St. Louis Rams head coach Steve Spagnuolo was one of 11 new coaches hired to turn teams around in 2009. Stop and think about that number for minute, in the non-Spinal Tap context. More than one-third of the league's teams changed head coaches in 2009. Even more amazing is that five of those blokes have already hit the skids, with three or four more likely to get a pink slip this year.
Why are all these head coaches failing at such an alarming rate? It just depends. A variety have circumstances have conspired against them. I wrote a more in-depth piece on the coaching class of 2009 that might offer at least a little insight.
As far as Spagnuolo goes, I'm still pretty convinced of what 3k wrote earlier this week, about the culture of losing that runs deep into the roots of the Rams organization. Spagnuolo was given ample opportunity to put his imprint on the team, from the training staff to the equipment manager to the interior decorating to a handful of other non-football personnel.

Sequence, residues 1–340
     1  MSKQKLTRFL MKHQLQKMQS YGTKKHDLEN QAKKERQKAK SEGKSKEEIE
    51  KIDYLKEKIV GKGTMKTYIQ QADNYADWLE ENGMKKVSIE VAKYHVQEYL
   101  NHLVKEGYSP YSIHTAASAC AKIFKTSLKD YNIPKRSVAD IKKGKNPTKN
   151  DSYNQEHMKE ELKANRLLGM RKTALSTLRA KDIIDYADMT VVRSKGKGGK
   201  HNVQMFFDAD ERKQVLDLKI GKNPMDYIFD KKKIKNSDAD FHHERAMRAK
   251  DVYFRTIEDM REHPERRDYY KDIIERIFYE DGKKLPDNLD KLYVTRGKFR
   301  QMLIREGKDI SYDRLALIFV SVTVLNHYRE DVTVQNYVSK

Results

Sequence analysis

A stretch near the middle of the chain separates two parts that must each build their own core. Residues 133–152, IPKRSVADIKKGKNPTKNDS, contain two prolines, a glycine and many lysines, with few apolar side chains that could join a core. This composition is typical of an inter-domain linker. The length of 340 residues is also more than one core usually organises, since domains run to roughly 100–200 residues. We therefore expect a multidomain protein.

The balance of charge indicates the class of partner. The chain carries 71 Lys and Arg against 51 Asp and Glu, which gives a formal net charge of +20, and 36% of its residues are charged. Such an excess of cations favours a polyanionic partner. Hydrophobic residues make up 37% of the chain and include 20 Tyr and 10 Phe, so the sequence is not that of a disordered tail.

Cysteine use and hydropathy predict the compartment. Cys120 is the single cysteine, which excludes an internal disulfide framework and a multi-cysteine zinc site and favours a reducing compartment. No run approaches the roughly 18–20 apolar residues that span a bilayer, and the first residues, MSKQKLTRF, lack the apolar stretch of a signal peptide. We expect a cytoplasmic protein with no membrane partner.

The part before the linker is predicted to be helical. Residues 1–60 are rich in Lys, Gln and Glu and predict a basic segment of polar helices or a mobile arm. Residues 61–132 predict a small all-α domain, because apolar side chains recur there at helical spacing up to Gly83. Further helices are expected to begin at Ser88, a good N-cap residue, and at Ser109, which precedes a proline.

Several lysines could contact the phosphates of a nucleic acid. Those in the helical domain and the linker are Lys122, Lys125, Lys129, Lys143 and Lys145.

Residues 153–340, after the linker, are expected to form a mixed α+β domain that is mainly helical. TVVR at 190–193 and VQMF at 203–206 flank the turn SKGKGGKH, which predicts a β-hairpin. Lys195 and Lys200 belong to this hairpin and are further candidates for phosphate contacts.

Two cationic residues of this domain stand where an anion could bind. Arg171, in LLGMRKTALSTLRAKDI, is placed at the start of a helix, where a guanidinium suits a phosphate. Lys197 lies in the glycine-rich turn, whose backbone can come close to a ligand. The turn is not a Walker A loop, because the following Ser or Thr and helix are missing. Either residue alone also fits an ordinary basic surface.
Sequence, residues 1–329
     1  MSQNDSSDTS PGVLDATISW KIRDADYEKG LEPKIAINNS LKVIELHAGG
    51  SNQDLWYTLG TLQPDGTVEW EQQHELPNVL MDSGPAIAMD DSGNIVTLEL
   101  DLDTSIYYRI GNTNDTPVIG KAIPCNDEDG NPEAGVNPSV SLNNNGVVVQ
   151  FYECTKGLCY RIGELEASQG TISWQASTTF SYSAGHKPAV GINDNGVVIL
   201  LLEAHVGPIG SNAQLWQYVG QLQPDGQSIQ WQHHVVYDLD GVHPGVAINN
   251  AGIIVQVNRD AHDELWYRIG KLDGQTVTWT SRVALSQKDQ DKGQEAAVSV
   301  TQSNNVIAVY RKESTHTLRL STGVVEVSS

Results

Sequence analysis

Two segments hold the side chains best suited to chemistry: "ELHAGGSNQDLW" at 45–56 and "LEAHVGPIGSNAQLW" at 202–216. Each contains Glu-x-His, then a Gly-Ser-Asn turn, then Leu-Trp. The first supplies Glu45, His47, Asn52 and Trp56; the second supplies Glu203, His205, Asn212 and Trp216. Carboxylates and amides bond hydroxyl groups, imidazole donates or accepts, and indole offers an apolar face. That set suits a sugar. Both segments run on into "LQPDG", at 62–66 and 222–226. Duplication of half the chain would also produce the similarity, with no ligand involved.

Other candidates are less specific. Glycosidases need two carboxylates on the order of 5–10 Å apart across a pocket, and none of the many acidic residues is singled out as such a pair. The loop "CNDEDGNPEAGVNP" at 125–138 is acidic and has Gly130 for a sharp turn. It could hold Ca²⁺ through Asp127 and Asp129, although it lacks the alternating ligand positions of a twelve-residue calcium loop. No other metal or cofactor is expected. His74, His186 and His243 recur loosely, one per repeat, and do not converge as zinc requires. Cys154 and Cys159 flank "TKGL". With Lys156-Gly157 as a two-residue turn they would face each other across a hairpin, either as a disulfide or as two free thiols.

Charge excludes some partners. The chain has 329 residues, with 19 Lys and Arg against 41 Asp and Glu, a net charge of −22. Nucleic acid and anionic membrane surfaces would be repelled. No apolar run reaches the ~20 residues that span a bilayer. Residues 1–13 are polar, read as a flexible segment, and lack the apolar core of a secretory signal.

Spagnuolo was also a victim of circumstance. The Rams improbably won seven games last season, not a significant number in and of itself, but more than was expected thanks to a soft schedule and a few lucky bounces. Sadly, the team we saw on the field in week 17, that prime time disaster against the Seahawks, was a much more accurate snapshot of the 2011 Rams.
That said, things should have been much better than they are this season, and the head coach is culpable in that. There are several scenarios in which Spagnuolo sticks around, but it that move would be far too unpopular to gain traction as a reasonable decision, fair or not.
Results matter in a billion dollar business. Three years may not be an adequate time span to judge a head coach, especially for a team that has a total of zero draft picks on the roster from 2006 and 2007, but that's the nature of the business.
Coming up tomorrow on the site, we'll turn our focus to Billy Devaney. Tevin has an article arguing why the Rams should keep him, and Brick Top has one on potential replacements.
In the meantime, let me ask you this, is three years reasonable for an NFL head coach?